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The coronavirus just may have had one positive effect. The world-wide race to develop an effective vaccine to slow the global pandemic seems to have temporarily overshadowed the influence of anti-vaccine activists, according to Tony Jaques.

Though it has to be said that prominent American anti-vaxxer Jordan Sather is putting his faith for a cure in “Miracle Mineral Supplement”, which contains bleach, while others are trying the “Silver Solution” elixir promoted by televangelist Jim Bakker, best known for going to prison for fraud.

The Attorney General of New York has just issued a cease and desist order against Bakker to stop him promoting the “anti-viral” concoction, which can cause kidney damage or worse. Which raises a core question. This legalistic approach may work to control dangerous products, but how do you combat dangerous ideas? And who’s to say which issues no longer warrant debate and need to be shut down?

Late last year The Conversation Australia – a not-for-profit commentary site for academics, funded by universities, government and business – announced that it would block climate change deniers and lock their accounts. Editor Misha Ketchell said: “It is counterproductive to present the evidence and then immediately undermine it by giving space to trolls. The hopeless debates between those with evidence and those who fabricate simply stalls action.”

There was predictable outrage by reactionary politicians and commentators about censorship and free debate and failure of academic rigour. However, the more important question here is, has it actually made any difference to the issue?

There was similar outrage about different moves across the last 12 months by Mailchimp, YouTube, Amazon, Pinterest, Netflix, Instagram, GoFundMe, Facebook and other social media platforms to limit the spread of anti-vaccination misinformation (although Facebook still hosts one of the largest anti-vaxx groups).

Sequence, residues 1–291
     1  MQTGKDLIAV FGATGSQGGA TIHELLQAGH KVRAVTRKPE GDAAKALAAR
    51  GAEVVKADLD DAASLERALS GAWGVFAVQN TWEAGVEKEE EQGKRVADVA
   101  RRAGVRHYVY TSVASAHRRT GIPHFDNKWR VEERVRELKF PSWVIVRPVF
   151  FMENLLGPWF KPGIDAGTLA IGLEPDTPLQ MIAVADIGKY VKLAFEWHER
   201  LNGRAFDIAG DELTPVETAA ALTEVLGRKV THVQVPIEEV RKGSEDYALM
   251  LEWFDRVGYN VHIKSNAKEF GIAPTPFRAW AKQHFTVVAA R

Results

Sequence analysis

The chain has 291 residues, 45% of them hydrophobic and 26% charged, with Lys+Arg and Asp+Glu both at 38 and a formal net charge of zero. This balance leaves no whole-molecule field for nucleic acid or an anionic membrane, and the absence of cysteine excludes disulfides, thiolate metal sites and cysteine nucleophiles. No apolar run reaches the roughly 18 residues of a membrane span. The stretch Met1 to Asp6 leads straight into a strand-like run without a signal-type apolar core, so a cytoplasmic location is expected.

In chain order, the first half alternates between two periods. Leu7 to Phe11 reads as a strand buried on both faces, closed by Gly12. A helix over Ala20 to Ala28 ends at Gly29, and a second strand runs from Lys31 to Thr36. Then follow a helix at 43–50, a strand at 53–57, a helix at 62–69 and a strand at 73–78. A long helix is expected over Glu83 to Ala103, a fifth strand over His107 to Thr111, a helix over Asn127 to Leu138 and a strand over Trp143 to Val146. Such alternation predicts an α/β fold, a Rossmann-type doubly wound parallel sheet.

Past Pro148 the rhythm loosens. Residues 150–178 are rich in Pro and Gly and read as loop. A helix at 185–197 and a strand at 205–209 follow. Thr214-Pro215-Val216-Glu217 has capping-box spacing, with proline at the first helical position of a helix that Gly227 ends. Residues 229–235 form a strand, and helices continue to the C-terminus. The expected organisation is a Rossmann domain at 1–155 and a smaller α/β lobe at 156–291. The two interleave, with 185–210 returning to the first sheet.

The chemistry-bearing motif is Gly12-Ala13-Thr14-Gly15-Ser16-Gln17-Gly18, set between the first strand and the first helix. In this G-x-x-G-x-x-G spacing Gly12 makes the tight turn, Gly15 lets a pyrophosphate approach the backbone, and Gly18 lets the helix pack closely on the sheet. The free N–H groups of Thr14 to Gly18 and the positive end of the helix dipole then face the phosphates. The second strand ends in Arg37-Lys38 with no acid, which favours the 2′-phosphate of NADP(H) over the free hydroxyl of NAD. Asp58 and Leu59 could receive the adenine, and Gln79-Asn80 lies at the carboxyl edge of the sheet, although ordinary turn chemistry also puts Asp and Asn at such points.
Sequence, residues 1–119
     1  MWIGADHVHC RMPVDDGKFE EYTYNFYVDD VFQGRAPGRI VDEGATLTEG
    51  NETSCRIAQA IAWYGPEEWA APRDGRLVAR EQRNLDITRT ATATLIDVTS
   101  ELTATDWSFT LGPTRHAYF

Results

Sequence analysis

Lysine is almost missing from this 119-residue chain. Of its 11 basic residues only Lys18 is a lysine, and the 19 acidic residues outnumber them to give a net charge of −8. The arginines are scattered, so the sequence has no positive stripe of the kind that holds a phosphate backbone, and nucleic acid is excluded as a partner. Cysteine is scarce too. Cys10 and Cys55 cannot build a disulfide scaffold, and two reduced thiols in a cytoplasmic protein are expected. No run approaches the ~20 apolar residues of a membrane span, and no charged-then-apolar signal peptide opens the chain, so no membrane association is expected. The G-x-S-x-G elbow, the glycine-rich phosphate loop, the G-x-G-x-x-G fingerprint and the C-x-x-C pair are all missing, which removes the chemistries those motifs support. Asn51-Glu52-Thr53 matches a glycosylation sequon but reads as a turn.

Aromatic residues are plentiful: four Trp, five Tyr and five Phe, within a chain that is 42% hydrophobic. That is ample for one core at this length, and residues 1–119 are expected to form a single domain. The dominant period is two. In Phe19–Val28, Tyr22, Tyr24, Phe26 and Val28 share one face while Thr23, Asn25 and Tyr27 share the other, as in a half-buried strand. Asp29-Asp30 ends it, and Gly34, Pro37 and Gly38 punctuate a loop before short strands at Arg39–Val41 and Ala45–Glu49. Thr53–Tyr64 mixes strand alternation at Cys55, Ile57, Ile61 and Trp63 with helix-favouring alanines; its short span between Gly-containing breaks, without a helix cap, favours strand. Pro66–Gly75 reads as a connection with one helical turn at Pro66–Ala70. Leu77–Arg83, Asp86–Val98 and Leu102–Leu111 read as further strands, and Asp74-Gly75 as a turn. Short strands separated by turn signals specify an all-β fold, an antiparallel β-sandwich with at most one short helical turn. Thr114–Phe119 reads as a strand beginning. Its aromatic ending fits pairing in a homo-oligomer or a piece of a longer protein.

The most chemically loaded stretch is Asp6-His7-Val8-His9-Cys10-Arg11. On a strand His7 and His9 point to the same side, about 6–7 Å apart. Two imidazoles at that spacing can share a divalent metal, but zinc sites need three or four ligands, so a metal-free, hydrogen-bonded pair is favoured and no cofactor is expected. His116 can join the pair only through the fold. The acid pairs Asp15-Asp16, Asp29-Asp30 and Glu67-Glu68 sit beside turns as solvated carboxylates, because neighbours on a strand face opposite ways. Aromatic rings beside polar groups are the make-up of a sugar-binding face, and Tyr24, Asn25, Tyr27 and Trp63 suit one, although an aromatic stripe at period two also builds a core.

But again, has it had any long-lasting impact? As recently as December, Paul Barry on the ABC programme Media Watch was once again berating the state broadcaster for providing an unquestioning platform for an anti-vaxx activist. Barry has previously commented on the same topic: “To put it bluntly, there’s evidence, and there’s bulldust. It’s a journalist’s job to distinguish between them, not to sit on the fence and bleat ‘balance’. Especially when people’s health is at risk.”

In the midst of the current coronavirus crisis, it is easy to forget that just months ago we were worried about another highly infectious disease, when outbreaks of measles around the world because of low vaccination rates caused thousands of preventable deaths. No wonder the World Health Organization named the anti-vaccination movement one of their top threats to global health. And let’s also remember it’s just weeks since many in Australia were angered by headlines featuring denialists claiming no link between climate change and deadly bushfires.

Issues by definition are contested matters where there is genuine disagreement over facts or opinions. So what happens if there is no legitimate counter-argument? When there is no ‘other side’ to the debate? What happens if news media attempts at ‘balance’ simply produce false equivalency and give credibility to arguments which no longer warrant discussion?

These are important tests for the role of the news media in the way controversial social issues are reported. And they challenge the way issue managers deal with the media. No-one is arguing that this is a case for shutting down legitimate debate on every contentious topic. But it’s certainly clear – with #coronavirus raging and Donald Trump claiming noise from wind turbines causes cancer – that we need to help scientists communicate better.

Tony Jaques is the author of the forthcoming book, Crisis Counsel: Navigating Legal and Communication Conflicts (summer 2020, Rothstein Publishing).